The Philippine Spanish Friendship Day (PSFD) is held every June 30. It commemorates the magnanimity of Emilio Aguinaldo toward the last batch of Spanish soldiers who had heroically resisted the siege of Filipino troops in the church of Baler for almost one year, unaware that the war was over.
The commemoration was established following an initiative by the late Sen. Edgardo Angara. We, Spaniards in the Philippines, are very happy about the existence of a PSFD. We are very proud of the Baler heroes, and acknowledge Emilio Aguinaldo who, instead of ordering the Spanish soldiers to be taken as prisoners, ordered to release them and treat them as heroes.
We are thankful for this day, but more than a friendship story, the Baler episode’s commemoration enhances the heroism of the Spaniards and the magnanimity of the Filipinos. Positions were not as symmetrical as they used to be in friendship relations.
In a few months we will commemorate the first encounter between Spaniards and Filipinos (although at that time, Spain and the Philippines were not the political entities we know today).
The expedition sent by King Charles to the Moluccas touched Philippine soil for the first time on the island of Homonhon, depopulated at that time. A group of eight islanders from the neighbor island of Suluan went to Homonhon to meet the Spanish fleet. According to Pigafetta, the unofficial chronicler of the expedition, the encounter was very friendly, until such point that the islanders went back to Homonhon three days later with food and fresh provisions to be exchanged for mirrors and metal articles from the visitors.
These two mentioned islands belong today to the municipality of Guiuan (Eastern Samar). This town was not as lucky as Baler for being the birthplace of a man like Angara, but deserves to play a fundamental role in the coming celebrations of the PSFD. Incidentally, it is worth noting that Guiuan Church is a candidate for the World Heritage List. It had a unique shell cladding façade, which was destroyed by Supertyphoon “Yolanda” (international name: Haiyan).
After Homonhon, the expedition landed on the island of Limasawa, where Christianity was shown for the first time to the islanders, and where the first Mass was officiated by the only surviving priest, Pedro de Valderrama. According to Pigafetta, the people of Limasawa were very nice to them. The chieftain of the island, named Colambu, sealed with Magellan the first sandugo or blood compact. Magellan probably offered to Colambu what he later offered to Humabon: “to be the local sovereign to whom the other chiefs should submit” in Resil Mojares’ words. However, the sensible Colambu advised Magellan to go and know the chieftain of Cebu, who was the most powerful in the islands. He promised to accompany the fleet to show them the way to Cebu, but only after they had finished the rice harvest in Limasawa. To finish the harvest earlier, Colambu asked Magellan for the help of some of the crew members, who went ashore and became the first Spanish cooperantes in the Philippines, in the purest bayanihan style.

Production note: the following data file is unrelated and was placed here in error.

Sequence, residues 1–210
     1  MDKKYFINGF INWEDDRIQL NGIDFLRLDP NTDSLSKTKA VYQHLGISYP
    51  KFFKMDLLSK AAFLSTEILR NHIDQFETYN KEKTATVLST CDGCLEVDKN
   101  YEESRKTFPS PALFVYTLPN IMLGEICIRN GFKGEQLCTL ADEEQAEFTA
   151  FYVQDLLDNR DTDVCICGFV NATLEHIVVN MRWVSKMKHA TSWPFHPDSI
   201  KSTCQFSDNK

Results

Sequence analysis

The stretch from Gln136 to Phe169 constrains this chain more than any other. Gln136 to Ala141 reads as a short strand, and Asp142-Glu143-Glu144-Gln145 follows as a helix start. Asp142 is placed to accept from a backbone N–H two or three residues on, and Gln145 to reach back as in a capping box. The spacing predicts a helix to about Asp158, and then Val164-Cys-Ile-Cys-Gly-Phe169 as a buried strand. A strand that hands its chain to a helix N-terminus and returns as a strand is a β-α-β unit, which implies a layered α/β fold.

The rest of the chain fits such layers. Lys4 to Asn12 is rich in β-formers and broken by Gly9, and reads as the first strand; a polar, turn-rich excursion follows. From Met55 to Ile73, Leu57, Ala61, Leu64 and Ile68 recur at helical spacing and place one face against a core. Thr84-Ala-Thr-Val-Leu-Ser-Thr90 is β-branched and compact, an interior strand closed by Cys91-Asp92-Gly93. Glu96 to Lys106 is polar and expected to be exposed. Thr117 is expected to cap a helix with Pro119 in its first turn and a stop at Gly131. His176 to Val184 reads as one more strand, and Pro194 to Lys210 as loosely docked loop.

In fact, some Limasawan vessels accompanied the Magellan fleet up to Cebu. Limasawans developed a true friendship with the Spaniards, showing, as Suluans have done before, that hospitality toward the foreigner was already an islander’s virtue.
Since we are reflecting on friendship stories among our ancestors, we will skip the Cebu and Mactan phase of the expedition, and we will continue in Western Mindanao (Zamboanga del Norte), in a place ruled by a certain Raja Calanao, who made a blood compact with the navigators and pampered Pigafetta, the only one who landed. The actual place is probably nowadays known as Dapitan. Another friendly episode happened in Southern Palawan, with a blood compact also included.
There is another episode that is worth noting. Somewhere in Southern Mindanao (Canit and Subanin), where, according to Pigafetta, is “the best cinnamon to be found anywhere,” they loaded 17 pounds of cinnamon. We almost could consider, if not for the small quantity, that this one was the first documented trade operation between Europe and the Philippines, beyond barter. They probably took this amount of cinnamon rather as a sample than as a commodity. It was in Moluccas where they loaded tons of clove, the real commodity, which, upon returning in Europe, could finance the whole expedition’s cost, even with a profit.
The expeditioners followed a sort of blind itinerary drifting around the archipelago before they were able to set a course for the Moluccas, their very destination, for a number of reasons: first, because of the possible “Magellan’s private agenda,” and then because of the tragedies that happened in Mactan and Cebu.
The fleet left on Philippine seas and soil the imprint of a long itinerary. As it happens in other countries, historical itineraries have great tourism potential and can become significant in the development of places and regions. Starting from Guiuan, many places from Eastern Samar to Southern Palawan in the west and Sarangani to the South could constitute the cultural itinerary of the first circumnavigation in the Philippines. —CONTRIBUTED
Javier Galvan, Ph.D., is an architect and historian, and director of Instituto Cervantes de Manila.
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